Placenta, the Sculpture, and the Invisible Blood of Women

Rebecca Vandyk

Abstract


Placenta is a giant, soft model of a human placenta, made from knitted sections of fabric pieced together around a free-standing frame. It was knitted by women out of hand-dyed yarn made from discarded t-shirts. The #placentaproject drew together a team of women (and a handful of men) who believed that it was a socially useful thing to create and exhibit a giant human placenta in order to enliven the amount of public conversation and understanding of the bodily work of women. The work of the sculpting process used a domestic craft as an act of protest—a monument to the unpaid and uncounted labour of women. This article describes the narrative of the process of the sculpting work and explores personal themes about the invisibility of women’s reproductive blood, both in health and in society itself. It also describes the anatomic and physiological learning that took place in the process of sculpting and exhibiting the work, which led to a more deeply felt awe at the work of women that often goes unnoticed. Placenta is on tour around Australia and was recently exhibited at the Australian Motherhood Initiative for Research and Community Involvement Conference, held in Sydney, in July 2019.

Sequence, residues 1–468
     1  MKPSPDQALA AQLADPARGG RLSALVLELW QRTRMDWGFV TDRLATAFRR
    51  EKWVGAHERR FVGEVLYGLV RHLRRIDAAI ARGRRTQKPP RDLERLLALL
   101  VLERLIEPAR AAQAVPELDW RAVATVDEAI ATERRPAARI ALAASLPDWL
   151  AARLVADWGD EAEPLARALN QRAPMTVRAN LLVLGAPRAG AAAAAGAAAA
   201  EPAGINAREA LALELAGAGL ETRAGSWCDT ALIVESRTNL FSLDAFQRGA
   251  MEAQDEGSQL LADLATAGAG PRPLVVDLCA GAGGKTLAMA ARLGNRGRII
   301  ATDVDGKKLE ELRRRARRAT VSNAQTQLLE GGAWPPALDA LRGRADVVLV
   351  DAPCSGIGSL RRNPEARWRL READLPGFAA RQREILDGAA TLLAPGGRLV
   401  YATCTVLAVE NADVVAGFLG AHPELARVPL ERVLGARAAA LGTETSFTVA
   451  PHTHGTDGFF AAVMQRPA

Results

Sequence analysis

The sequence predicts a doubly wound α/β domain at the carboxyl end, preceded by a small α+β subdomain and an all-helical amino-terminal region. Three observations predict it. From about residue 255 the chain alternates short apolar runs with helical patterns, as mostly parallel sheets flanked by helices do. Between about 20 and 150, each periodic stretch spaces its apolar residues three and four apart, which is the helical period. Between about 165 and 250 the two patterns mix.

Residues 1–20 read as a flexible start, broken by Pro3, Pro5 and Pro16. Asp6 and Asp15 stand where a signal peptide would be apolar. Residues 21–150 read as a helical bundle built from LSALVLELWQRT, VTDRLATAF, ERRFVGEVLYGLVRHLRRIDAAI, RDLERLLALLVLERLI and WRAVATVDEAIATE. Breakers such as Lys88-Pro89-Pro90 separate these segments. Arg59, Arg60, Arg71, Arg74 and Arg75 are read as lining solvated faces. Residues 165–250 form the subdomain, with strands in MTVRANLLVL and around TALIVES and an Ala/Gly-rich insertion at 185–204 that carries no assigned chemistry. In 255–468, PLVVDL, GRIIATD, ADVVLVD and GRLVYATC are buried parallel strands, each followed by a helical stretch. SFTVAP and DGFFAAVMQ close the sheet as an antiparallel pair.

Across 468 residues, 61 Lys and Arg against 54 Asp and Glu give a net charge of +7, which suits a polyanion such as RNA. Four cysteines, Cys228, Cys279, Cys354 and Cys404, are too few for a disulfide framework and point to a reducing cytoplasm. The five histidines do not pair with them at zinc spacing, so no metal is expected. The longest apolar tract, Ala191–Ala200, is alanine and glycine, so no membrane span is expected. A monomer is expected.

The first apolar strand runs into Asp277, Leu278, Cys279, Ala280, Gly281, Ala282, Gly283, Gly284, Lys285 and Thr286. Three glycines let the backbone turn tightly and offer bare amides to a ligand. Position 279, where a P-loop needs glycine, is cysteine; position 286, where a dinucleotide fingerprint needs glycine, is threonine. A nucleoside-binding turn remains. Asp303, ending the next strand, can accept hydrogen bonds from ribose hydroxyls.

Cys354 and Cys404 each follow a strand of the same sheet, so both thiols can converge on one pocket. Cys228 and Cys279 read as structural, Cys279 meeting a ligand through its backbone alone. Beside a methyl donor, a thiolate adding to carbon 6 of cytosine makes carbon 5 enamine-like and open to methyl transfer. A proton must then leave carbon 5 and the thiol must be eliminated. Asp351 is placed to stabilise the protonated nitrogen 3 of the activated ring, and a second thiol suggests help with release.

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We are grateful to the Social Sciences and Humanities Research Council of Canada (SSHRC) for its ongoing support of the Journal of the Motherhood Initiative for Research and Community Involvement.